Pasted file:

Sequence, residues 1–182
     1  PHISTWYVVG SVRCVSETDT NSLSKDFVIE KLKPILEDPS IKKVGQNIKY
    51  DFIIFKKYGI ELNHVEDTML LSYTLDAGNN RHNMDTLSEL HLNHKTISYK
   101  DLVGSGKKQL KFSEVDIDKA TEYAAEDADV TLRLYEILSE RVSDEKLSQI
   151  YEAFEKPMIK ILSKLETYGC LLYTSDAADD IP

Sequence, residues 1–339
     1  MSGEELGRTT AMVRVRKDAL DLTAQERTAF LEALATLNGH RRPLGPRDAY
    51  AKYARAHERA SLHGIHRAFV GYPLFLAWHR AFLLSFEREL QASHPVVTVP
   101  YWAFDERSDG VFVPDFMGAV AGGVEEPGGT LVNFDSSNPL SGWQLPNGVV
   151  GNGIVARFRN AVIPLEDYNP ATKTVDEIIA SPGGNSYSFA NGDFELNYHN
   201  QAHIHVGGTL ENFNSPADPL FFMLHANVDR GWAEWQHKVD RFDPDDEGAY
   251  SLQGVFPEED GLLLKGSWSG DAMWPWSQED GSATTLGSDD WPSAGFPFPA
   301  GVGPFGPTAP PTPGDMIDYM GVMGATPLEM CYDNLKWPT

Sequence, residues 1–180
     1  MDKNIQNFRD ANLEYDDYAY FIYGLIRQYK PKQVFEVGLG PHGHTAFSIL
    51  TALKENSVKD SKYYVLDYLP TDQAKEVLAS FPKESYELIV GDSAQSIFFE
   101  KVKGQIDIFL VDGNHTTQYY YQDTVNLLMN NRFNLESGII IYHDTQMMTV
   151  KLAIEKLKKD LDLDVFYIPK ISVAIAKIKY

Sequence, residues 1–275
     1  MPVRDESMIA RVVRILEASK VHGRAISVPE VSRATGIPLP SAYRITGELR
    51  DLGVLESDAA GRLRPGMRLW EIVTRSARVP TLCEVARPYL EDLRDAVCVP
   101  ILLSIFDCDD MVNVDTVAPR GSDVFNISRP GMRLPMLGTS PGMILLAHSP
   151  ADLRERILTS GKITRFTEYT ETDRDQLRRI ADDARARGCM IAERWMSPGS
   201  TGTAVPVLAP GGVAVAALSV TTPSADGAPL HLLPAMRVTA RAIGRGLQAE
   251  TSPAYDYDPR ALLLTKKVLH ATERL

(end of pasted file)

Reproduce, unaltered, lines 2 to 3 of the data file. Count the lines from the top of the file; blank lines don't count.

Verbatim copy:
     1  PHISTWYVVG SVRCVSETDT NSLSKDFVIE KLKPILEDPS IKKVGQNIKY
    51  DFIIFKKYGI ELNHVEDTML LSYTLDAGNN RHNMDTLSEL HLNHKTISYK